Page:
Macklin's Special Treatment


On 21 June 2007 Australia became, in the words of Guy Rundle, "the first member of the Coalition of the Willing to invade itself". The Howard government’s Northern Territory Emergency Response could only be implemented by suspending the Racial Discrimination Act 1975 (RDA).

The Rudd Government initially promised to remove those provisions of the "Intervention" legislation that clashed with the RDA and to reinstate it by October 2009; this has now been pushed back to late November. Amnesty International is campaigning to have the RDA reinstated immediately and, on 29 October, the Greens introduced legislation in the Senate to that effect.

It remains unclear, however, exactly what the Government’s reinstatement of the Racial Discrimination Act will entail. There are three ways Kevin Rudd and Minister for Indigenous Affairs Jenny Macklin could elect to restore the RDA — once they finally decide to do so.

Firstly, they could remove all initiatives from the legislation that apply only to Aboriginal people.

Secondly, they could widen the scope of the legislation so that it applies to all citizens — and therefore does not discriminate on the basis of race. Last month, Crikey reported that unidentified sources had indicated the Government was considering extending income management to all welfare recipients to avoid a breach of the RDA.

And finally, they could elect to retain those aspects of the Emergency Response legislation that can be classed as "special measures" under the RDA.

Statements made by Jenny Macklin suggest that the Government is favouring this last option: "special measures". As to why there has been such a delay in restoring the RDA, speculation abounds that the legal advice that the Government sought — to determine how to retain the core of the Emergency Response without conflict with the RDA — was not as favourable as had been hoped.

So where do the conflicts between the RDA and the Emergency Response lie? The RDA was passed to satisfy Australia’s obligations under the Convention on the Elimination of all Forms of Racial Discrimination (CERD). It provides for equality under the law and stipulates that persons of a "particular race, colour or national or ethnic origin: cannot be prevented from enjoying a human right or fundamental freedom enjoyed by others".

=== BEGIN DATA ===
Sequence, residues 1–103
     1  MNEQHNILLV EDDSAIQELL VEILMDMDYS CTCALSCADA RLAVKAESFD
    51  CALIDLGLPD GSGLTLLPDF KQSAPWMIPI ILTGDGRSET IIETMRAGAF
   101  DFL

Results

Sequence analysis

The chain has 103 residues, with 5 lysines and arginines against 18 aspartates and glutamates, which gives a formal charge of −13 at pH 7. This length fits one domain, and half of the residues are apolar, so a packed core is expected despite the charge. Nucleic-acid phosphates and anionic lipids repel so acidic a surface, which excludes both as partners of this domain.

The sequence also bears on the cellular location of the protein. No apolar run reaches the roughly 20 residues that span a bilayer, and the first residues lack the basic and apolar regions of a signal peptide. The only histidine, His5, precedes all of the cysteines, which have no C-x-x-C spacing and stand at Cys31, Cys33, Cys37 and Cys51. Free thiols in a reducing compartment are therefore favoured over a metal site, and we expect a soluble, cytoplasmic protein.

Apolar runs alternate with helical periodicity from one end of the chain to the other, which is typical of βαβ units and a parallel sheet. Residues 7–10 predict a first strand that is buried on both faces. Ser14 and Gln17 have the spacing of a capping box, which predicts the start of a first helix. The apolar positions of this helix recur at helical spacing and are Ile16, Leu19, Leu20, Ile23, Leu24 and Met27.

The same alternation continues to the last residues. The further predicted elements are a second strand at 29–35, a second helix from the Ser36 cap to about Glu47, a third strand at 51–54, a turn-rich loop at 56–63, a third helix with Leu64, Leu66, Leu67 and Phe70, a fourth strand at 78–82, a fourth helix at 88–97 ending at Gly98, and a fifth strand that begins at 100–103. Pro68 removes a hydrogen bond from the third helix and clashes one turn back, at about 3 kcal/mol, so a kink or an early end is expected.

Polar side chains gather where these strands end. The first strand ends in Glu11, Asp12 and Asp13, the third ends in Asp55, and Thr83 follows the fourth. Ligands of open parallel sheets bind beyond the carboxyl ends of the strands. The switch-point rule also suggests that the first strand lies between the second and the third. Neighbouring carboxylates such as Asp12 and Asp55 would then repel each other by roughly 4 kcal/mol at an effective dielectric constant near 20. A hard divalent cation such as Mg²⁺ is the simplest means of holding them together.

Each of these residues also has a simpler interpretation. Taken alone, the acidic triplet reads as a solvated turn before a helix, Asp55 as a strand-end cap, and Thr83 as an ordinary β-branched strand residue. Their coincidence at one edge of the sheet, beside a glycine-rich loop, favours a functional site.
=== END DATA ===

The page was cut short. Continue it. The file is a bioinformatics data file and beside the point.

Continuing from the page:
The Act does not forbid all race-based legislation, however. In the words of Tom Calma in 2004, when he was acting race discrimination commissioner, "if there are two people stuck down two different wells, one of them is 5 metres deep and the other is 10 metres deep, throwing them both 5 metres of rope would only accord formal equality".

The RDA acknowledges that some groups may require special protection to enable them to enjoy equal human rights and fundamental freedoms. It achieves this goal by providing that "special measures" passed to secure the advancement of particular racial/ethnic groups do not constitute racial discrimination. Indeed, CERD obliges states to take special measures "when the circumstances so warrant".

The question is: what constitutes a "special measure"? The general connotation is a positive one; Abstudy is an obvious example of a race-based initiative designed to secure Indigenous advancement rather than to perpetrate racial discrimination.

But things become more difficult when considering measures that restrict rights rather than enhancing them. In Gerhardy v Brown, the High Court set down principles guiding the interpretation of special measures which included:

The purported special measure must benefit some or all members of a racial national or ethnic group;

It must be entirely based on securing advancement of the group so that they enjoy equal human rights and freedoms;

It must be necessary so the group may enjoy equal human rights and freedoms;

It must be temporary and cannot continue after its objectives are achieved; and

The wishes of the members of the group are relevant to determining whether a measure is taken to secure their advancement.